2005 HSR&D National Meeting Abstract
3025 — Factors Associated with Physician Adherence to Evidence-Based Prescribing Practices
Young G (Center for Organization, Leadership and Management Research)
Mohr D (Center for Organization, Leadership and Management Research)
Meterko M (Center for Organization, Leadership and Management Research)
Nealon-Seibert M (Center for Organization, Leadership and Management Research)
McGlynn G (Center for Organization, Leadership and Management Research)
To identify characteristics of physicians influencing their adherence to evidence-based recommendations for prescribing medications. Previous research has focused primarily on the overall degree of adherence within a community of physicians with relatively little attention to those factors associated with higher or lower adherence among individual physicians.
The study was conducted as an observational design involving a survey of psychiatrists. The survey was sent to 1757 psychiatrists who were all affiliated with the Veterans Health Administration (VA). The survey questionnaire solicited information from respondents for assessing adherence to three recommended prescribing practices for using antipsychotics. Adherence was defined as reportedly following a recommended practice for at least 75 percent of one’s patients. Independent variables were selected in accordance with a conceptual model that has been used previously to study physician prescribing behavior. The variables pertained to physician demographic and practice setting characteristics as well as the sources of information used to stay current with evidence-based prescribing practices.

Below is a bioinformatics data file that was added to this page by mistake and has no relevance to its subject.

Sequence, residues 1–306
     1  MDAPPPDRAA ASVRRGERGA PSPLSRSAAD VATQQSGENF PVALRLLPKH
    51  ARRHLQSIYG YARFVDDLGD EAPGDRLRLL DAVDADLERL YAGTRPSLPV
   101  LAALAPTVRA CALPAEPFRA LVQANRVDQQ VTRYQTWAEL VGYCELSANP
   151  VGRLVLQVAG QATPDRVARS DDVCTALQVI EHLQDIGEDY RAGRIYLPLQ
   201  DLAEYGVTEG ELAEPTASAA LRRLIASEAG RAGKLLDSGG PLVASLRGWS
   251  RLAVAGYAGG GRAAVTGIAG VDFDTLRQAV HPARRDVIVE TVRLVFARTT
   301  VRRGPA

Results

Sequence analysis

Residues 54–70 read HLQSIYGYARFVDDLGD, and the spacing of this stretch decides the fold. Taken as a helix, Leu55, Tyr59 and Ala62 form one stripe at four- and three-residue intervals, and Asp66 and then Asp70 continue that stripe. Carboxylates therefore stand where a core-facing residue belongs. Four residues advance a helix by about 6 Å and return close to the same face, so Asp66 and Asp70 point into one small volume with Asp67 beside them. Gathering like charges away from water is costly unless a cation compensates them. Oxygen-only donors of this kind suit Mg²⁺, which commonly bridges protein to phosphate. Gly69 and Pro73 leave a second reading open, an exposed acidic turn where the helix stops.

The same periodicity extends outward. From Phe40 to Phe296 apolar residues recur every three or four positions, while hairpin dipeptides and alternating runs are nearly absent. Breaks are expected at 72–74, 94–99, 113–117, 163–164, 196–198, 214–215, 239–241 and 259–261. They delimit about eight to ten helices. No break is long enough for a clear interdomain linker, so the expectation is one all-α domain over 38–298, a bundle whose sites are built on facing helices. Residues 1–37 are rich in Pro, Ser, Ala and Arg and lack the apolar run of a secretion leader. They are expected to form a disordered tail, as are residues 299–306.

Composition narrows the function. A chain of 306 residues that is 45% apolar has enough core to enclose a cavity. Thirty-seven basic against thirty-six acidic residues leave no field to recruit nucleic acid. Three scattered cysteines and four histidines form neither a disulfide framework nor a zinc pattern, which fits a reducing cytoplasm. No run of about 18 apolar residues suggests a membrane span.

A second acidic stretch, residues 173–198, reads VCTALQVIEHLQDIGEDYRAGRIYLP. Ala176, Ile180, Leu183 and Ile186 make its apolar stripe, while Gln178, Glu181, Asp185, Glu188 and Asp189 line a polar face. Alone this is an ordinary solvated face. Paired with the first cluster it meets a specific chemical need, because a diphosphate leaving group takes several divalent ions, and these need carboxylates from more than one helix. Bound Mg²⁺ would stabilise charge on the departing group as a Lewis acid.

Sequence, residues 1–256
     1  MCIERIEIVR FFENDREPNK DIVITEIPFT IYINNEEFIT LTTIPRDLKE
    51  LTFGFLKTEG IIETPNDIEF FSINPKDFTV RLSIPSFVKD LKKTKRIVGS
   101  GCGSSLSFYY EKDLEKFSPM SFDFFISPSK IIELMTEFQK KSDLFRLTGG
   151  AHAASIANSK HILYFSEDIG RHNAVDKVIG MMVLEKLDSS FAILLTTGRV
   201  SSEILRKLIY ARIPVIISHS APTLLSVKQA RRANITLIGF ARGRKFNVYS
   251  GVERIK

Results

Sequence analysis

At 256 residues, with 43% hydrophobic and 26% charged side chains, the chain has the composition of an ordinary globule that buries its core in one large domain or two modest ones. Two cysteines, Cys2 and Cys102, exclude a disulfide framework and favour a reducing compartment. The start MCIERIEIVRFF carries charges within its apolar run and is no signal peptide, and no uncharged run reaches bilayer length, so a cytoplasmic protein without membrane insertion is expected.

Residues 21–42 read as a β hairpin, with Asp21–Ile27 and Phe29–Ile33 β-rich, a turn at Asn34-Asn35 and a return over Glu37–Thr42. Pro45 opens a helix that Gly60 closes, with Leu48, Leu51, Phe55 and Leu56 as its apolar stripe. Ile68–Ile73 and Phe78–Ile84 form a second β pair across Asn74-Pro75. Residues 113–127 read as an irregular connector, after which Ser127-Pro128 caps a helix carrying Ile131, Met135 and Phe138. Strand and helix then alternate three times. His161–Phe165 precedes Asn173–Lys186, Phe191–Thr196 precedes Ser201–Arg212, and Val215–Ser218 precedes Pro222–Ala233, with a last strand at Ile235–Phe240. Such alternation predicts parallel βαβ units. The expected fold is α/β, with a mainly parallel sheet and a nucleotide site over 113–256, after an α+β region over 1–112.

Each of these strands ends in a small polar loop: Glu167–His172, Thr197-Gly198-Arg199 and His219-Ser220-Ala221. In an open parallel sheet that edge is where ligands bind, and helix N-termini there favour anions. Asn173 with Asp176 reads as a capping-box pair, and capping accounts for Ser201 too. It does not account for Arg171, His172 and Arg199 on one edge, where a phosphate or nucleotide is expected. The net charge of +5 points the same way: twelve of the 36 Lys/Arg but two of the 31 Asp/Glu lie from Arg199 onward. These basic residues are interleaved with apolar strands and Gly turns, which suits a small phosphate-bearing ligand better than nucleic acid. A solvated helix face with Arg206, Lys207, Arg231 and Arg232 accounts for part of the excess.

The survey yielded a response rate of approximately 40%. Respondents did not differ from non-respondents for most demographic and practice setting characteristics. Adherence for the three practices ranged between 76 and 81 percent. Post-residency experience, larger caseload of patients with schizophrenia, sex, relatively greater use of published scientific literature as well as drug company information were associated with adherence to one or more of the recommended practices. More than half of the psychiatrists in the study sample reportedly adhered to all three recommended practices.
Among psychiatrists in the study sample, compliance with the recommended prescribing practices was relatively high. A combination of characteristics appears to be associated with physician adherence to evidence-based prescribing practices. Physicians who are more inclined to adhere (not adhere) to one evidence-based practice appear to be more inclined to adhere (not adhere) to other evidence-based practices.
By understanding the backgrounds and behaviors of physicians that are most closely associated with adherence, policy makers and managers can more efficiently and effectively disseminate evidence about prescribing practices to physicians. Study results are an important step to providing that guidance.